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How did Christmas Eve use to be celebrated in the Pomorskie region?  Many of those traditions are still cultivated today. However, there are some which had long disappeared or have been modified. We did some research on the past Pomeranian Christmas customs in the regions of Żuławy, Kociewie and Kaszuby.

The Christmas traditions of Kociewie – leaving an empty seat for the souls of ancestors and no eavesdropping on animals

It was believed that the atmosphere of the Christmas Eve can set a mood for an entire year. Therefore, each detail of celebrating this day had to be perfect.  One couldn’t borrow anything on this day, since, according to the local belief, luck could vanish from one’s house along with the borrowed item. Farm animals got special treatment on Christmas Eve, and on this one day of the year they had the power of speaking human language, but couldn’t be eavesdropped on then, as they could foretell a person’s death. Children decorated the Christmas tree with cookies, fruits and paper cut-outs. The moment the first star appeared in the evening sky everyone sat at the table, on which hay was put under the tablecloth. It was customary for girls to pull straws from underneath to see what their future husband will look like. After sharing the Christmas wafer the family ate supper – the most common dish was herring, either served with potatoes or stuffed with mushrooms. Wealthier families had on their tables such delicacies as: poppy seed noodles, cabbage with mushrooms, dumplings with cabbage and fish. Those were traditionally washed down with a dried fruit drink called Kompot, whose spicy and smoky aroma spread around the entire household. There always was one spare seat at the table – left for the lost souls of the ancestors or for some frostbitten wanderer. Santa Claus visited the youngest ones. And he definitely wasn’t the friendly, bearded old man, with a gift-filled sack on his back. He wore a frightening mask on his face. In one hand he held the bag with presents, of course, but in the other he held a rod. After checking if the kids had all the prayers properly memorized, he listed their good & bad deeds. The good kids earned presents, the not so good ones got whipped. After the supper the table was left to be cleaned afterwards and the whole family went to church to attend a midnight mass.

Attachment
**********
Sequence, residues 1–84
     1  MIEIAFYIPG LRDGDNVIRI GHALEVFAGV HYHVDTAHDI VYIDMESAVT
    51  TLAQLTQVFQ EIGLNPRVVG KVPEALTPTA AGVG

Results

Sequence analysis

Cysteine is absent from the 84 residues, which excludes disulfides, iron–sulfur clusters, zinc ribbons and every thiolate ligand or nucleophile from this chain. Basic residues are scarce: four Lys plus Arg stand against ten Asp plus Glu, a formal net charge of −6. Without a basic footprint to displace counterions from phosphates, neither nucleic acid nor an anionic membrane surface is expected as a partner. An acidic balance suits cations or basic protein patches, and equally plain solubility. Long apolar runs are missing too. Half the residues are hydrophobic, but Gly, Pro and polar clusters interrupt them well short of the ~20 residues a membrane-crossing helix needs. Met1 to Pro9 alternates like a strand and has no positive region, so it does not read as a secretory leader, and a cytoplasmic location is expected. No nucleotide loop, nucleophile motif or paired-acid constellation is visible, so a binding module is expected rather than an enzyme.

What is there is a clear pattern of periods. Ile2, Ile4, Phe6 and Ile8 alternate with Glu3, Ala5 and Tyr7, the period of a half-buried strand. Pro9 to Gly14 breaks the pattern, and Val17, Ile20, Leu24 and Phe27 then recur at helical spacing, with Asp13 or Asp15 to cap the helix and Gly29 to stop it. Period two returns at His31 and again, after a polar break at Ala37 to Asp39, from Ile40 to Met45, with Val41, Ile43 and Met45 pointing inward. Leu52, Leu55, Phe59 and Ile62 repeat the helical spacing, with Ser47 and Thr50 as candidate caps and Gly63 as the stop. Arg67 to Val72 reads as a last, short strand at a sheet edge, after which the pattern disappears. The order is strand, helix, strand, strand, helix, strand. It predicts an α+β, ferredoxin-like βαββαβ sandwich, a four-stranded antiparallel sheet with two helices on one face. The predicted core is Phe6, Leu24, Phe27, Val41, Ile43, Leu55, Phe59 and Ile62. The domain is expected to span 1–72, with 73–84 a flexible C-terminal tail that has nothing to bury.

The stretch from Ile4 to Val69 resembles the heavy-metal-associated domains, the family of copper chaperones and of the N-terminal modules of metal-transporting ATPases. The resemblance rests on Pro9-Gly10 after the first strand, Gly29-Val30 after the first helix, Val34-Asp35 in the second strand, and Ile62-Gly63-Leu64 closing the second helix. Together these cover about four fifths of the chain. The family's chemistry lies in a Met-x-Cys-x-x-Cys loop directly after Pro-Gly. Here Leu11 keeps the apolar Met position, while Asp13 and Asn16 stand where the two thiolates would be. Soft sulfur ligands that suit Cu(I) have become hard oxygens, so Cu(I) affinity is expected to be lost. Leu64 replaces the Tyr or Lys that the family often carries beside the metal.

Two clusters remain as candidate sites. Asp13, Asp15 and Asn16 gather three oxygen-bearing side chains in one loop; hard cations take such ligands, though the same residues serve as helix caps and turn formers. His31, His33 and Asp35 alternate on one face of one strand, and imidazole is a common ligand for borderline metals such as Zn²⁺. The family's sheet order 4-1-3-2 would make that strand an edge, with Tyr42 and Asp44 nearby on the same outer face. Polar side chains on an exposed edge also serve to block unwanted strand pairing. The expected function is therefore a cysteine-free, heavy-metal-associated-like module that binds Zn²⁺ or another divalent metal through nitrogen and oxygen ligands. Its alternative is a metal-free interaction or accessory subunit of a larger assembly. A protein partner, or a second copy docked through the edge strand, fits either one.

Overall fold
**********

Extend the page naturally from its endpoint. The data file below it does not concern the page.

The Kashubian Christmas traditions – a sheaf of rye instead of a Christmas tree and The Grim Whistler

Gòdë – this word means Christmas in Kashubian language. In the past, in some houses the hosts put up a sheaf of rye, whose presence was supposed to ensure a rich harvest in the upcoming year. In the second half of the 19th century the sheaf of rye gave way to the coniferous tree, which was decorated with cookies, apples and with hand-made ornaments made of hay or paper. One of the highlights of the evening was the visit of the carol singers, called Gwiôzdki in Kashubian.  They were disguised as.: the merrily dancing Old Man and Hag, a prankish Devil, The Death with a scythe, a reminder of transient nature of life, farm animals and The Whistler, leading the whole ensemble. The Whistler was the counterpart of  the present-day Santa Claus, he was giving away presents to children as a treat for reciting a prayer. The well-behaved children got candy, the naughty ones were threatened with the rod. Meeting The Whistler must have been a terrifying experience for the kids, as he was wearing a calfskin mask on his face. The dishes served at supper were rather humble and included dried fruit, mushrooms, beans, cabbage, sweet noodle soup or various fish. The leftovers were fed to the farm animals, who on that one day of the year had the ability to speak human language. However, just like in Kociewie, it was better not to eavesdrop on them then, as it could bring you bad luck or even death.

The Christmas traditions of Żuławy – sharing a coloured Christmas wafer with farm animals

In Żuławy region Advent was traditionally a time when the pig slaughter took place. Both men and women restrained from their daily chores, such as soil cultivation or linen spinning. All families started preparations for one of the most important days in the entire year – Christmas time. The smell of gingerbread or doughnuts was floating above every household. The Christmas Eve supper gathered the whole family, even the distant relatives, around the table. Hay was placed under the tablecloth and one spare seat was left for an unexpected visitor. The wafer (usually coloured pink or blue) was also shared with farm animals. The host was the one who went to share the wafer with the cows and horses, in order to thank the animals or to gain their favour so as they do not mention anything bad to the other family members while having the ability to speak human language after midnight.

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